Budget passed in Papua New Guinea

In a further twist to the political drama playing out in PNG, the Marape government was back in Parliament last Tuesday after the Speaker ruled the previous week’s suspension invalid. Whilst the Opposition was stranded in Vanimo, the budget was passed in double quick time and Parliament was adjourned until April.

Treasurer Ian Ling Stuckey chose “Consolidation for Growth” as the theme for his 2021 budget. It promises increased spending on agriculture, tourism, and small business. This will be welcomed by those who have long felt that the PNG economy is over-reliant on the resources sector.

The cost of servicing debt is a continuing sticking point for PNG. Prime Minister Marape said his government was looking to “clean” loans incurred recently. He indicated that his government would look to work with partners such as Australia, Japan, the ADB and the IMF in terms of future loans.

First COVID-19 case for Samoa yet to be confirmed

Further tests conducted in New Zealand will confirm if Samoa has now recorded its first case of COVID-19. The repatriated sailor had tested negative prior to arrival in the country. He then tested positive whilst in quarantine with a further test showing a negative result.

Samoan authorities have confirmed that the 23-year-old male has been moved to an isolation unit at the National Hospital although he does not have any symptoms at this stage.

The Prime Minister made an address to the population in which he called for calm. However, there were reports of some parents taking their children out of school and the feeling among the people in Apia generally was one of concern.

The government has announced that people arriving from the USA later this week will be required to spend 21 days in quarantine on arrival into Samoa.

Trial of former Prime Minister commences in Vanuatu

The trial of former PM, Charlot Salwai is underway in the Supreme Court of Vanuatu. Mr Salwai and current MP (and former Minister) Matai Seremiah are facing charges of bribery and corruption. Mr Salwai is also facing a charge of perjury.

The case was initiated by the now Deputy Prime Minister, Ishmael Kalsakau, during last year when he was then Leader of the Opposition. His complaint relates to Mr Salwai’s appointment of Parliamentary Secretaries, a practice which has since been ruled unconstitutional.

More than 20 witnesses are expected to be called for the prosecution during the case. Many of them are members of the current Parliament. The defendants have received dispensation from the Speaker to be absent from the sitting which was expected to be ongoing at the same time. However, Parliament has now been adjourned and will not sit again until next year.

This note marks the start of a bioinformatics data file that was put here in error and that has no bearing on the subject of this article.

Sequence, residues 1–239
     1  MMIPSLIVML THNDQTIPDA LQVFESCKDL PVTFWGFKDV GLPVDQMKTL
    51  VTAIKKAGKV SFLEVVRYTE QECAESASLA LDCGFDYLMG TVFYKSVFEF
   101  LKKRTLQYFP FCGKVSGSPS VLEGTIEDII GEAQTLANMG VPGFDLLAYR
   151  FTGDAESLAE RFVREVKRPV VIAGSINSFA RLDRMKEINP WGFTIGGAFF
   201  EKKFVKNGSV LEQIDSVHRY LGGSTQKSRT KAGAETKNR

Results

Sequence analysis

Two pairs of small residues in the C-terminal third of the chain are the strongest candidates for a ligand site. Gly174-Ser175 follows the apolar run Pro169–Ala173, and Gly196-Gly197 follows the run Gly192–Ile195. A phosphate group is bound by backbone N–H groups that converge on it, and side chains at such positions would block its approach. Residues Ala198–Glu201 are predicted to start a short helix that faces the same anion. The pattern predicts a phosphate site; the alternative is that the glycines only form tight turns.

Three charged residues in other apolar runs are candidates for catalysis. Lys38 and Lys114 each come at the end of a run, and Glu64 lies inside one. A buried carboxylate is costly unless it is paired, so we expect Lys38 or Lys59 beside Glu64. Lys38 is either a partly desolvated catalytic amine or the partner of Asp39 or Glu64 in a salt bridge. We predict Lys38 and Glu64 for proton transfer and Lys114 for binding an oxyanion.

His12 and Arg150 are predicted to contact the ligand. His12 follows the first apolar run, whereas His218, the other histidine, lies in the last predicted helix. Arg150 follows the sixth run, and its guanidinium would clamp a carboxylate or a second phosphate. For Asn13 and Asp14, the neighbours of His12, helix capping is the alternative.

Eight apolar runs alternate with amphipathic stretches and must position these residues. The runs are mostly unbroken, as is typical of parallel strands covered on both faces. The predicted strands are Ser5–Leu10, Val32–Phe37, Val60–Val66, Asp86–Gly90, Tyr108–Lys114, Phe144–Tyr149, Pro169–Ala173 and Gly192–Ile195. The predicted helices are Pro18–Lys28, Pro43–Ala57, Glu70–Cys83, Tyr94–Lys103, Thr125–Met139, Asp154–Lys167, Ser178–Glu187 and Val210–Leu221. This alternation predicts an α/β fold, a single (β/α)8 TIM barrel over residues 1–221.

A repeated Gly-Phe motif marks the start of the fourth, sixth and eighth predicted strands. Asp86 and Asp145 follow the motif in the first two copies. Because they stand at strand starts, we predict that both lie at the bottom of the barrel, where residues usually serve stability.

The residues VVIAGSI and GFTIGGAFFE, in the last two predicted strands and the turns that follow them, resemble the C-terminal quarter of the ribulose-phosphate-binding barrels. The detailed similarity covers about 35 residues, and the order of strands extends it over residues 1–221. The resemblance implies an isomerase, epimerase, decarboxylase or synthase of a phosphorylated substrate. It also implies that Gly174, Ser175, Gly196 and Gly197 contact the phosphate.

Pacific island countries concerned about ‘greenwashing’ in international shipping

Pacific island countries have voiced their concerns over what they see as ‘greenwashing’ in the international shipping sphere.

A forthcoming meeting of the International Maritime Organization (IMO) is scheduled to debate a motion related to reducing carbon emissions in the sector. Ambassador Albon Ishoda of Marshall Islands has been very vocal in his criticism.

The proposed resolution would allow for a 15% increase in carbon emissions over the next ten years. Critics, including Pacific representatives see this as contrary to the objectives of the Paris Agreement. It also goes against a voluntary agreement agreed to in 2018 by the shipping industry to reduce emissions across the sector.

The move away from decreasing emissions has been spearheaded by Japan, who chairs the Environment Committee of the IMO, considered to be the most influential seat at the table.

Biden appointments put climate change action front and centre of foreign policy

President-elect Joe Biden has been making progress with transition arrangements in the United States of America.

His announcement of John Kerry as a special Presidential envoy for climate change has already been welcomed in the Pacific islands region. In a tweet, the Prime Minister of Fiji welcomed the former of Secretary of State ‘back to the fight’ with a hark back to the optimism of 2015 when the Paris agreement was signed.

It will not go unnoticed in the region that Kerry will sit on the National Security Council, placing climate change front and centre when it comes to foreign policy under a Biden/Harris administration.

Kerry brings with him the seniority and gravitas to progress the ambition on climate change action that Biden has promised, quite possibly in conjunction with Kamala Harris, as Vice-President. For the first 12 months of his term, it is likely that Biden himself will be more preoccupied with domestic issues.


Tess Newton Cain is an Adjunct Associate Professor at the Griffith Asia Institute and project lead of the Pacific Hub.